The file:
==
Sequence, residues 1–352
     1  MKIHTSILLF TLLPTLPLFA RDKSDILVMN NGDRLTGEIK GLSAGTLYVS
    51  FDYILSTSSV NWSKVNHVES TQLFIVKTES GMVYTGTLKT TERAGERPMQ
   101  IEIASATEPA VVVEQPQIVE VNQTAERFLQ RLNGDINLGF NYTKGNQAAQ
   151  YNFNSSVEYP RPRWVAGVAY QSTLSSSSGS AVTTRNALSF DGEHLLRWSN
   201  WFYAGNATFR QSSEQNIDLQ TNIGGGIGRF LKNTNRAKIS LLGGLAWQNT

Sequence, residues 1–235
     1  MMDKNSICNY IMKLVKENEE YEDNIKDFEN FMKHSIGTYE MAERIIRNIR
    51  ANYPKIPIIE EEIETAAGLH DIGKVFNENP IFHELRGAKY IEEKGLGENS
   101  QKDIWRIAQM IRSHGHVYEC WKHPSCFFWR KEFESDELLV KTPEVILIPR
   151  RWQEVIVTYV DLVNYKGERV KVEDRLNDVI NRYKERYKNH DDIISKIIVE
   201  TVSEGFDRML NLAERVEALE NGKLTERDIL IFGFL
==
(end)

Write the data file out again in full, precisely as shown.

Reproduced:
Sequence, residues 1–352
     1  MKIHTSILLF TLLPTLPLFA RDKSDILVMN NGDRLTGEIK GLSAGTLYVS
    51  FDYILSTSSV NWSKVNHVES TQLFIVKTES GMVYTGTLKT TERAGERPMQ
   101  IEIASATEPA VVVEQPQIVE VNQTAERFLQ RLNGDINLGF NYTKGNQAAQ
   151  YNFNSSVEYP RPRWVAGVAY QSTLSSSSGS AVTTRNALSF DGEHLLRWSN
   201  WFYAGNATFR QSSEQNIDLQ TNIGGGIGRF LKNTNRAKIS LLGGLAWQNT

Sequence, residues 1–235
     1  MMDKNSICNY IMKLVKENEE YEDNIKDFEN FMKHSIGTYE MAERIIRNIR
    51  ANYPKIPIIE EEIETAAGLH DIGKVFNENP IFHELRGAKY IEEKGLGENS
   101  QKDIWRIAQM IRSHGHVYEC WKHPSCFFWR KEFESDELLV KTPEVILIPR
   151  RWQEVIVTYV DLVNYKGERV KVEDRLNDVI NRYKERYKNH DDIISKIIVE
   201  TVSEGFDRML NLAERVEALE NGKLTERDIL IFGFL